Utah Climate
Taken from the Western Regional Climate Center (Links Added)

TOPOGRAPHIC FEATURES – The topography of Utah is extremely varied, with most of the State being mountainous.  A series of mountains (including the Wasatch Range), which runs generally north and south through the middle of Utah, and the Uinta Mountains, which extend east and west through the northeast portion, are the principal ranges.  Crest lines of these mountains are mostly above 10,000 feet.  Less extensive ranges are scattered over the remainder of the State.  The lowest area is the Virgin River Valley in the southwestern part with elevations between 2,500 and 3,500 feet, while the highest point is Kings Peak in the Uinta Mountains, which rises to 13,498 feet.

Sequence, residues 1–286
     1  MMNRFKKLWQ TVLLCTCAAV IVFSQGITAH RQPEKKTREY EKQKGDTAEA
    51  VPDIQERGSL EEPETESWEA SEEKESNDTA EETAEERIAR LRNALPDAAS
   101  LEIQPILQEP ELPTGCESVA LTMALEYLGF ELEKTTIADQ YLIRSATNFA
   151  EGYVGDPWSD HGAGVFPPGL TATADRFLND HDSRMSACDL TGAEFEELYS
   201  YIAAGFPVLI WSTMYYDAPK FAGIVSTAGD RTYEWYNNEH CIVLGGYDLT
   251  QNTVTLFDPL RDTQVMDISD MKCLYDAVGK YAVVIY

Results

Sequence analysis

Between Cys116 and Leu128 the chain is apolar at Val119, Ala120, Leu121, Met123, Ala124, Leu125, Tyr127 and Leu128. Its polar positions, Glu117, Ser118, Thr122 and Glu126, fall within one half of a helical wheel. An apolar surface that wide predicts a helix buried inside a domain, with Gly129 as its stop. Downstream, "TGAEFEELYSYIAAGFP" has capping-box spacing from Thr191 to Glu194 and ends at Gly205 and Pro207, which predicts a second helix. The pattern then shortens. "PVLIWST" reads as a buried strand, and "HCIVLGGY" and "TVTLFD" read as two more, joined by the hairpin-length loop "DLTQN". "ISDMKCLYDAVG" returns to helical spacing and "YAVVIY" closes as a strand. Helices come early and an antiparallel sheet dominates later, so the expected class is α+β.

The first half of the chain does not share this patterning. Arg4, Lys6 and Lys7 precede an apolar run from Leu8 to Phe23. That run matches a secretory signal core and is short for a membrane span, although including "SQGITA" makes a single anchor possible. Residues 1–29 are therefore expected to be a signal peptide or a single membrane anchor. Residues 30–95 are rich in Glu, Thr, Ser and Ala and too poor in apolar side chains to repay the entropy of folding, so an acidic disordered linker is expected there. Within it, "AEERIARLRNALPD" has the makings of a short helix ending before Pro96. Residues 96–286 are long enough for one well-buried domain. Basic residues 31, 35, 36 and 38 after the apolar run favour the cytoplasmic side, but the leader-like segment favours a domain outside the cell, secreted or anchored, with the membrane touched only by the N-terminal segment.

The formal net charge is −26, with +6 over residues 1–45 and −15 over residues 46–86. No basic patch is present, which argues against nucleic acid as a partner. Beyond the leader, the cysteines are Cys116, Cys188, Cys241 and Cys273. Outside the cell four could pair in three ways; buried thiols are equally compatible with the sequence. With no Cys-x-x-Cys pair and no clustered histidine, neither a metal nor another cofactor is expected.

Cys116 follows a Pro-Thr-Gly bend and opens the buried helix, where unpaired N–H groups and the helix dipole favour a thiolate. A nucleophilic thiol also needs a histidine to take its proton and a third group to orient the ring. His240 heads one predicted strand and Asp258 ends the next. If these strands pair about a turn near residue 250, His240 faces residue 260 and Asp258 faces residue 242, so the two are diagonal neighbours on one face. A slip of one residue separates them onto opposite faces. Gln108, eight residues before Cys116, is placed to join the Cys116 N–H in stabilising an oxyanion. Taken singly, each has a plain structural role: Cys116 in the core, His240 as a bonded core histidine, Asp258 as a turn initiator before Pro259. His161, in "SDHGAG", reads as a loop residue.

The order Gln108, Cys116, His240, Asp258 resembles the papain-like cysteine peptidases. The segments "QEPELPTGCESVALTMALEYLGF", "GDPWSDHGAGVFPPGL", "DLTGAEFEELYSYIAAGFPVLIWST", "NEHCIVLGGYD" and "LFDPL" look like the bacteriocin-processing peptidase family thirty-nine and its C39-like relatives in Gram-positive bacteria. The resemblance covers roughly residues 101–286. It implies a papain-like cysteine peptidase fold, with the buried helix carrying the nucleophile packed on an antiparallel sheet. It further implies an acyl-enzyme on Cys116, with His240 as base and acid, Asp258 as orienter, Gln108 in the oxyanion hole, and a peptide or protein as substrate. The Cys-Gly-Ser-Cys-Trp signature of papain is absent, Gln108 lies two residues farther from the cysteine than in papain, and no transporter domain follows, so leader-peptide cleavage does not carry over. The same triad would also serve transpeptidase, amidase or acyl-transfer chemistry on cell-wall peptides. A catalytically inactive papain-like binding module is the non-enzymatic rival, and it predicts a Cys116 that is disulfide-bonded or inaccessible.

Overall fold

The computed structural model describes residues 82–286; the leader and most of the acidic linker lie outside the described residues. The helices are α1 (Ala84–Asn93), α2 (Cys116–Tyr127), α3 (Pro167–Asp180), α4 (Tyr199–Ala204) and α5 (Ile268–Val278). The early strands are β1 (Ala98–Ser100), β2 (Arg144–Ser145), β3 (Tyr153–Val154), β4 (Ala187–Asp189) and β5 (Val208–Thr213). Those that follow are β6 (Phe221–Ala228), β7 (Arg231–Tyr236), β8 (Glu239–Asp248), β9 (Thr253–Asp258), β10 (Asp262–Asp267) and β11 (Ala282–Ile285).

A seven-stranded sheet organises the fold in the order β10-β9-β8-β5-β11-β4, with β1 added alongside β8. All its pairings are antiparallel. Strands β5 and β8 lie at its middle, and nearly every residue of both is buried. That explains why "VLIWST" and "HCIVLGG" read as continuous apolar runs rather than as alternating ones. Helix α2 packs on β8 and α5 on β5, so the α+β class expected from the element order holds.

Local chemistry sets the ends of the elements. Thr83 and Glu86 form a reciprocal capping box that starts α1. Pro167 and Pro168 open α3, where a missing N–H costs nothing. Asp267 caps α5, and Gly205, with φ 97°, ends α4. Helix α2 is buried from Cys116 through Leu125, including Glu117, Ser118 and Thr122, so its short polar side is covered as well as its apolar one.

Practically all of eastern Utah is drained by the Colorado River and its principal tributary within the State, the Green River, although neither rises within its borders.  Western Utah is almost entirely within the Great Basin, with no outlet to the sea. The largest rivers in this area are the Bear, Weber, Jordan, Provo, and Sevier, the first three of which empty into Great Salt Lake, The Sevier River drains the west-central area and empties into Sevier Lake, a brackish saline basin in southwest Utah.

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